Steampunk detective novel:  started doing some research for the setting of the first one.  It’ll likely be a year before I start writing it, but I do love me some research.

Romance novel that has hijacked my brains:  I might start this just to see where it goes.  Series romance is only 70k words generally, so maybe I can tinker with it in my “spare” writing time.  I certainly love to read romances, so maybe I’ll try writing one.  This one involves a girl with a beautiful singing voice and a violent past and of course a handsome composer/violinist, an opera house, and dark secrets.  (No masked men living underneath the opera house, sorry…)

Werewolves in Space: now a novella!  I had the idea at Worldcon to turn this into a novella sort of prequel to a later novel.  I’ve actually cut the werewolf and love story from the plot.  I wasn’t sure this novel ever had enough plot to really sustain 100k words, so I think this will be a good compromise.  Now I just have to keep it under 17k words.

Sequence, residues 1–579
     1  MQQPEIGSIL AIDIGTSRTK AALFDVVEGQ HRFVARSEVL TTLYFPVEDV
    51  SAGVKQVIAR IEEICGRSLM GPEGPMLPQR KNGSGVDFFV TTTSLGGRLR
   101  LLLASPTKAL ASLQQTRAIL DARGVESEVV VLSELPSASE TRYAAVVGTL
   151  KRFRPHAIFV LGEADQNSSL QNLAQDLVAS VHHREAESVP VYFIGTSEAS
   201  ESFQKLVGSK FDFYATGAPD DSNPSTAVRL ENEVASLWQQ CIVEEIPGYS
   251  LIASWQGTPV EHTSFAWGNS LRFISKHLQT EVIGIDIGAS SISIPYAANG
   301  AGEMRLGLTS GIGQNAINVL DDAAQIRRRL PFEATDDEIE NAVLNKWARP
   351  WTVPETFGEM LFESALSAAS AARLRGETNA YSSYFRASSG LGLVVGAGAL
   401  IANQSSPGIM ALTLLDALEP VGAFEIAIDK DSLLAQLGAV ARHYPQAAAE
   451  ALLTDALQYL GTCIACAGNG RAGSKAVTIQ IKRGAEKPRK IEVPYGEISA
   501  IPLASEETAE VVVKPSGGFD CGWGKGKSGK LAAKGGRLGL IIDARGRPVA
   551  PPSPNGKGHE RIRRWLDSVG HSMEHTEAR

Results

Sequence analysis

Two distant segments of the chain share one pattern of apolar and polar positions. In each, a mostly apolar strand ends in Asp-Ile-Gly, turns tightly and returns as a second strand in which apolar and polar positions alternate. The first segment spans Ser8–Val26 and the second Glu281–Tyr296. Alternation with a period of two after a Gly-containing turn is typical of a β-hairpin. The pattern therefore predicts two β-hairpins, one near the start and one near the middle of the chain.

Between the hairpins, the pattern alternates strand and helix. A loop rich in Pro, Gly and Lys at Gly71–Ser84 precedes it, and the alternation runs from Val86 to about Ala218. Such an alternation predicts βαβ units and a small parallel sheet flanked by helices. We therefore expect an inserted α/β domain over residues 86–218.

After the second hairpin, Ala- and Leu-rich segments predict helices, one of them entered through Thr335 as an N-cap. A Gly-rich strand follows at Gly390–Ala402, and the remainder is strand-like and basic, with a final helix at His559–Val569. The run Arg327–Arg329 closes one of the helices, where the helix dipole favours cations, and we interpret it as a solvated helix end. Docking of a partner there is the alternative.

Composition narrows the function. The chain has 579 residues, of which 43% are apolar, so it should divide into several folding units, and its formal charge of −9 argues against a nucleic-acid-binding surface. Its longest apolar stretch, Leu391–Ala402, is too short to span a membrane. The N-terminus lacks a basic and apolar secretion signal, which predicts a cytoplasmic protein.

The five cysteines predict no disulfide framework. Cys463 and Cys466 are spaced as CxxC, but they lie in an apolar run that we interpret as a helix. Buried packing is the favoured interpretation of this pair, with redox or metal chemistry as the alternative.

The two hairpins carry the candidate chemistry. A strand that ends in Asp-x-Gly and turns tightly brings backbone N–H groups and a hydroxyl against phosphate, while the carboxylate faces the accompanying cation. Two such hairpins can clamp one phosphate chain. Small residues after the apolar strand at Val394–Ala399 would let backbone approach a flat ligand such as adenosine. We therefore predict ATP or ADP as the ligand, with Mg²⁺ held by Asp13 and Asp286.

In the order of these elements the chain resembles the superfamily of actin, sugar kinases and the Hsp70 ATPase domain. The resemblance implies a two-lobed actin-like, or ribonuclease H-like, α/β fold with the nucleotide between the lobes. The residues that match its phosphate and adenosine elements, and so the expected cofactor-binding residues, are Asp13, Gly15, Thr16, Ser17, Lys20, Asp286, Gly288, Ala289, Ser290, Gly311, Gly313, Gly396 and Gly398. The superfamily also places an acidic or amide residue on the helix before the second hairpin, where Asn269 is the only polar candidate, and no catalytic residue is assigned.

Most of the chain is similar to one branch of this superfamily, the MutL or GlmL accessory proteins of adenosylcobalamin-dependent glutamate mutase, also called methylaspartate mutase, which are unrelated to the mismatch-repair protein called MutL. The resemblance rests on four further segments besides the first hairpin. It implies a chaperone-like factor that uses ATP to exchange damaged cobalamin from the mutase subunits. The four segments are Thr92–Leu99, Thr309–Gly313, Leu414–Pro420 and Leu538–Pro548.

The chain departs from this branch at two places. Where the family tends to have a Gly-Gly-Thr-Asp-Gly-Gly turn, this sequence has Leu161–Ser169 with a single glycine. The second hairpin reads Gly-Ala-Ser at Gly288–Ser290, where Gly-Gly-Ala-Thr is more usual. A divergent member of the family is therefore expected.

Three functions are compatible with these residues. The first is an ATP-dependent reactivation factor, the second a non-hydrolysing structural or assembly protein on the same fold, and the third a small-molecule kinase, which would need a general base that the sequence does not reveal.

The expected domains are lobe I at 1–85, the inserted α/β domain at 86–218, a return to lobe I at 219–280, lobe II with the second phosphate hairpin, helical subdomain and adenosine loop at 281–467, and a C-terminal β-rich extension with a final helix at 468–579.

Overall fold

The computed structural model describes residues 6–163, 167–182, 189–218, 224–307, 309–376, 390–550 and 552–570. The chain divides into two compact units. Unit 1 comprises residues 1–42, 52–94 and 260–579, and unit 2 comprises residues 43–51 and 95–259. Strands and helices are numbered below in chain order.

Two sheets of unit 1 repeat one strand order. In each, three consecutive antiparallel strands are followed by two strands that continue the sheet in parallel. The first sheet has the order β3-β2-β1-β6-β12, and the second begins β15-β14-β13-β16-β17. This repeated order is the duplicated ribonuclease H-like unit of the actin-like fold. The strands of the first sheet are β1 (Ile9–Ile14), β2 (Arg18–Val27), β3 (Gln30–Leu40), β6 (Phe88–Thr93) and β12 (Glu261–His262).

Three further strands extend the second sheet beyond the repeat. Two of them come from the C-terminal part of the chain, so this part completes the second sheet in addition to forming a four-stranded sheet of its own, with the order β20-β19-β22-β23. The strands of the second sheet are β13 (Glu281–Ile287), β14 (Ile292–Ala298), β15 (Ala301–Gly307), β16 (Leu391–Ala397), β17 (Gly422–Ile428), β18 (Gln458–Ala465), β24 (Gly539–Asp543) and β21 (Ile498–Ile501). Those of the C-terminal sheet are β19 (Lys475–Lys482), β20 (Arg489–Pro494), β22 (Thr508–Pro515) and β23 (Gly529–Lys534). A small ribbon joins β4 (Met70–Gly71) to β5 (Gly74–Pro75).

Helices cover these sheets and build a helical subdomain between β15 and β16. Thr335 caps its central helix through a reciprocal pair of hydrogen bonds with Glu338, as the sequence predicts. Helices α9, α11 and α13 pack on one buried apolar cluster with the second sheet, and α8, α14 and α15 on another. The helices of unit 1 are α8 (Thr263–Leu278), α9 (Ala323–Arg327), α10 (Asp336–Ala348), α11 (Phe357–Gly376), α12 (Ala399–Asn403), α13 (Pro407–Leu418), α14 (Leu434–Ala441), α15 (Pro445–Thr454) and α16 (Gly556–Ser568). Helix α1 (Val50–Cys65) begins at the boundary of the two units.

Short stories:  I have so many percolating in my brains at the moment, I’m going to have to write one a week just to clear my plate.  I’m hoping I can revive Monday Short Story Day starting next Monday.  Sampling of stories includes: Rusalka story, ‘glitter kitten’, ‘shrub daughter’, ‘I, vermin’, jellyfish in space, ‘sparks’, time traveling thief, ‘Tesla’s Daughter’, world as we know it ends (telemarketer) story, ‘The insanity of Mr Leads’, ‘Maskmaker’, and Bloodgood’s cat origin mystery story.  My notes make more sense than this list, somewhat.

On the plus side, I now have 9 short stories out making the rounds, which isn’t bad considering back in Feb when I started I only had two.